East Wake boys’ postseason ends in overtime at Panther Creek
02/27/2014 1:53 PM
02/27/2014 1:53 PM
Juan Munoz scored 35 points and Panther Creek needed each one to take an 82-75 overtime victory over East Wake in Monday’s first round of the 4A boys basketball playoffs.
The outcome ended the No. 24-seeded East Wake boys’ season with a 14-10 record. The Warriors fulfilled their top preseason goal by reaching that mark.
“Our first goal was to have a winning season, and we haven’t had one since the 2005-06 season,” East Wake coach Darrin Stinson said.
Panther Creek (No. 9 seed, 20-5) advanced to a second round game against No. 25 Southeast Raleigh, a 52-46 winner over No. 8 Hoke County in round one.
The teams were tied at 30 at halftime and again at 69 at the end of regulation after the teams traded 5-point advantages in the third and fourth quarters.
East Wake led 64-62 with about a minute left in the fourth quarter, but Panther Creek made use of key rebounds to claim a 69-67 edge.
Senior Nahjuwan Potts, who led the Warriors with 26 points, made a lay-up on an in-bound play with 2.6 seconds left to force the overtime period. Potts fouled out in the final minute of the extra frame, with East Wake trailing by 2 points.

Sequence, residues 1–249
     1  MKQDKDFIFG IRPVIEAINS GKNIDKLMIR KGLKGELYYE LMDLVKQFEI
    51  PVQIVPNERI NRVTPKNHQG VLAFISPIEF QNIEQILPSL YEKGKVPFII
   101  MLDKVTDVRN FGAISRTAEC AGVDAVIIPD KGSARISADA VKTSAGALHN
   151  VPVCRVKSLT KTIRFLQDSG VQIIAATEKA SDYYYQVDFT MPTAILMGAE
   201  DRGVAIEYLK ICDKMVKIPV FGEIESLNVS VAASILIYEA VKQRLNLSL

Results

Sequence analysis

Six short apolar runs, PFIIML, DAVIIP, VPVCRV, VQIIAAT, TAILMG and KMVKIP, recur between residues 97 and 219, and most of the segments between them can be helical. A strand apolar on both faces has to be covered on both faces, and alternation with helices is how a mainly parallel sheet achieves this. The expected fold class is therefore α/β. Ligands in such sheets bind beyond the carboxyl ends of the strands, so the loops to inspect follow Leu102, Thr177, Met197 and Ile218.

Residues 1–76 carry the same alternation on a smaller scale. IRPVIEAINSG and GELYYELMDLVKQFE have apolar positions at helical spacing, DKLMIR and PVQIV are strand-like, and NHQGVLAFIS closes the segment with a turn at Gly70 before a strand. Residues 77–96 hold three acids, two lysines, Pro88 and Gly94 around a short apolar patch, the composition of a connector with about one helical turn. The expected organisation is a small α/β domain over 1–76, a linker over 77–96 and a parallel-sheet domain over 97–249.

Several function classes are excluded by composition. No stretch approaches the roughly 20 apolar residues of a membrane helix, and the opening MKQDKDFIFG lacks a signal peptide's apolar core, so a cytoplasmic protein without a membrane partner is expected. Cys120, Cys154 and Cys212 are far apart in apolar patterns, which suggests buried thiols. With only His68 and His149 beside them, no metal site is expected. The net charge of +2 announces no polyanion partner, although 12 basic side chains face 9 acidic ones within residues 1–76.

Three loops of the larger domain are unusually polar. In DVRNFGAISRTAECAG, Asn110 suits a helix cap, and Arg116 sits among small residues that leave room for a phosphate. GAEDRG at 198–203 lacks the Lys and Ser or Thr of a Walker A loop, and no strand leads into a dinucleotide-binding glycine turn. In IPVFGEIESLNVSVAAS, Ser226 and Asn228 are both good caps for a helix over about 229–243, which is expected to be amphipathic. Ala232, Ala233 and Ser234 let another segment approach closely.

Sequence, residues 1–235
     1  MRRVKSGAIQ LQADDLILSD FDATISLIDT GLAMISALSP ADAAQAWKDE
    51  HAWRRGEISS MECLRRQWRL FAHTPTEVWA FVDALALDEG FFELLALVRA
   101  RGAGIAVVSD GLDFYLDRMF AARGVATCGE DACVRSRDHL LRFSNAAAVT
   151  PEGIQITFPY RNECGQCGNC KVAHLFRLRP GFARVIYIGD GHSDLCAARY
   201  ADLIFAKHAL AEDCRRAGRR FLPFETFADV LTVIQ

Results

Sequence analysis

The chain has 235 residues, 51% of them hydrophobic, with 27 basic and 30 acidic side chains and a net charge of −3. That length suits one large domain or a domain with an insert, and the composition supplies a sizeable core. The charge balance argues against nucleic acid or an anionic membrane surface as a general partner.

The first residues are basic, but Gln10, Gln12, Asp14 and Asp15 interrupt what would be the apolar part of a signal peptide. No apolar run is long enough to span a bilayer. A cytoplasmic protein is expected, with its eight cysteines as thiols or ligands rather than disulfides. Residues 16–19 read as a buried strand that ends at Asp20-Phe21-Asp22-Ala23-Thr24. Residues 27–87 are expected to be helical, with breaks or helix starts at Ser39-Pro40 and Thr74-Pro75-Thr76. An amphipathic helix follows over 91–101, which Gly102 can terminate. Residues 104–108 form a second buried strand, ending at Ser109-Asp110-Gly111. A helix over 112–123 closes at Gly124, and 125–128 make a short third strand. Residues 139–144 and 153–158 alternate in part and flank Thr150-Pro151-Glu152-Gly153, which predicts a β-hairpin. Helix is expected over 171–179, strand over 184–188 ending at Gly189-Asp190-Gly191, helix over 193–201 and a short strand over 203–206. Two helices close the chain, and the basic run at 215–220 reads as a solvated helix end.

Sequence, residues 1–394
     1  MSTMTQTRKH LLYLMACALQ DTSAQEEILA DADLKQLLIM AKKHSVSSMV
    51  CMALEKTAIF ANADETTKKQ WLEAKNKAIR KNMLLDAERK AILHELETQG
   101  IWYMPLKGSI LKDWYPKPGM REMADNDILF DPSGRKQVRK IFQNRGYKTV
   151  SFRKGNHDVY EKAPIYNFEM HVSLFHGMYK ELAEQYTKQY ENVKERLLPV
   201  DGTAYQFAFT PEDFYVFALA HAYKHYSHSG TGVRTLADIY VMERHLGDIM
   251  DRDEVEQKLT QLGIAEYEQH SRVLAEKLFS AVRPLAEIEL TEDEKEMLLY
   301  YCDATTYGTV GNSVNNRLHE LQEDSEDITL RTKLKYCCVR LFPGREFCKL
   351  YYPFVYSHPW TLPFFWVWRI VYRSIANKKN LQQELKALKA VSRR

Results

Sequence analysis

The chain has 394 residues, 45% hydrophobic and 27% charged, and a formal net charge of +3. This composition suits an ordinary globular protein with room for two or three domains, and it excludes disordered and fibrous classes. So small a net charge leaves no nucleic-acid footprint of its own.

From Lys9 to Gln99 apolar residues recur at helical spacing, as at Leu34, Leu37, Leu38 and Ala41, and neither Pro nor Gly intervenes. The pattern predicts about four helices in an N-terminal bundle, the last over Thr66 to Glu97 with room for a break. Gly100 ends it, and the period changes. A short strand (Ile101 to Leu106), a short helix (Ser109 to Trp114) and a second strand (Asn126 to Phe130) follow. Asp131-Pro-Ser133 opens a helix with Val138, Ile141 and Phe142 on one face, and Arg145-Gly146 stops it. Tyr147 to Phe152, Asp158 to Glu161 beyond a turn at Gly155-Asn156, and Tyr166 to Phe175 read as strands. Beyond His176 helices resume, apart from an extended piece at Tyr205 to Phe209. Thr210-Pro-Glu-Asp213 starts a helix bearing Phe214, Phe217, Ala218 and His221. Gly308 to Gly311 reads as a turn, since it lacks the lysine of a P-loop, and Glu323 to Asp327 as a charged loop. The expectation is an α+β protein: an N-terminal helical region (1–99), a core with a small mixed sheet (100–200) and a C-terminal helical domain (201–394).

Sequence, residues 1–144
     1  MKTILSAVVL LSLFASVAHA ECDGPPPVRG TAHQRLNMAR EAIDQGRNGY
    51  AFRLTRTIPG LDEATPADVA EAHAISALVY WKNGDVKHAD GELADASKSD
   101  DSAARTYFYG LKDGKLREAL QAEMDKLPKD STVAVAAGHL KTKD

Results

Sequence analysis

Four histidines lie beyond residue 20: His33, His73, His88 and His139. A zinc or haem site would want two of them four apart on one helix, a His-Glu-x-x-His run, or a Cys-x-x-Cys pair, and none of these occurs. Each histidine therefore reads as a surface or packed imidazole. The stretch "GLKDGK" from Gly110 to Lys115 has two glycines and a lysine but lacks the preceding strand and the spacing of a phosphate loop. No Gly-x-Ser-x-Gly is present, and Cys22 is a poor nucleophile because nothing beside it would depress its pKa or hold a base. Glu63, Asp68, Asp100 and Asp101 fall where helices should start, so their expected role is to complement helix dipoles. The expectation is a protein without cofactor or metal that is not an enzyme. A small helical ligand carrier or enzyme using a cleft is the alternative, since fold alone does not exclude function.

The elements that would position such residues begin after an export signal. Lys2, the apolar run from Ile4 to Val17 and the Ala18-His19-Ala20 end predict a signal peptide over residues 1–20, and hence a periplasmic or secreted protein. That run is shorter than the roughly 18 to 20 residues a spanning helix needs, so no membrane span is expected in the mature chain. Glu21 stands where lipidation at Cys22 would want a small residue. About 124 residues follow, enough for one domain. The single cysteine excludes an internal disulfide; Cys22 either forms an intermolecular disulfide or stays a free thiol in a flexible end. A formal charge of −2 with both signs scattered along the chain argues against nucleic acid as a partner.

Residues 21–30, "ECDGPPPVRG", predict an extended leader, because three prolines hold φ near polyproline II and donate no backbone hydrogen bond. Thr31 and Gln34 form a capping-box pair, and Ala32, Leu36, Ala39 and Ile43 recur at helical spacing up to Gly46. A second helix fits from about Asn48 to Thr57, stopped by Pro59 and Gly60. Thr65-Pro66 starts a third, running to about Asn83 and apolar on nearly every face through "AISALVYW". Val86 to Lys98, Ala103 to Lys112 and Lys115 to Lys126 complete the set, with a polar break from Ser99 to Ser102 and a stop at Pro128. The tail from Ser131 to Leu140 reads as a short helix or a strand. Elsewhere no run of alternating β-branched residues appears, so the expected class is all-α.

“We played well on defense,” Stinson said. “We had nine offensive rebounds and put-backs. And Josh Siler got hot for us and that kept us close.”
Siler, a junior, was second in line for East Wake on offense with 22 points, including six 3-pointers. Junior Quincy Jackson added 17.
One of Stinson’s three peeves of the game was the 26-point third quarter by the Catamounts. He was more displeased with the Warriors’ free throw and turnover counts.
“I usually don’t like to blame a game on free throws, but we had 22 turnovers and we were 7 for 17 from the line,” he said. “We still could have made plays to win the ballgame, but we just didn’t get the rebounds we needed down the stretch.”
Stinson, who is admittedly not a fan of moral victories, said he was glad his team made it a game.
“I was pleased with our effort, just not with the outcome of it,” Stinson said. “We played hard, but not smart for some of it.”
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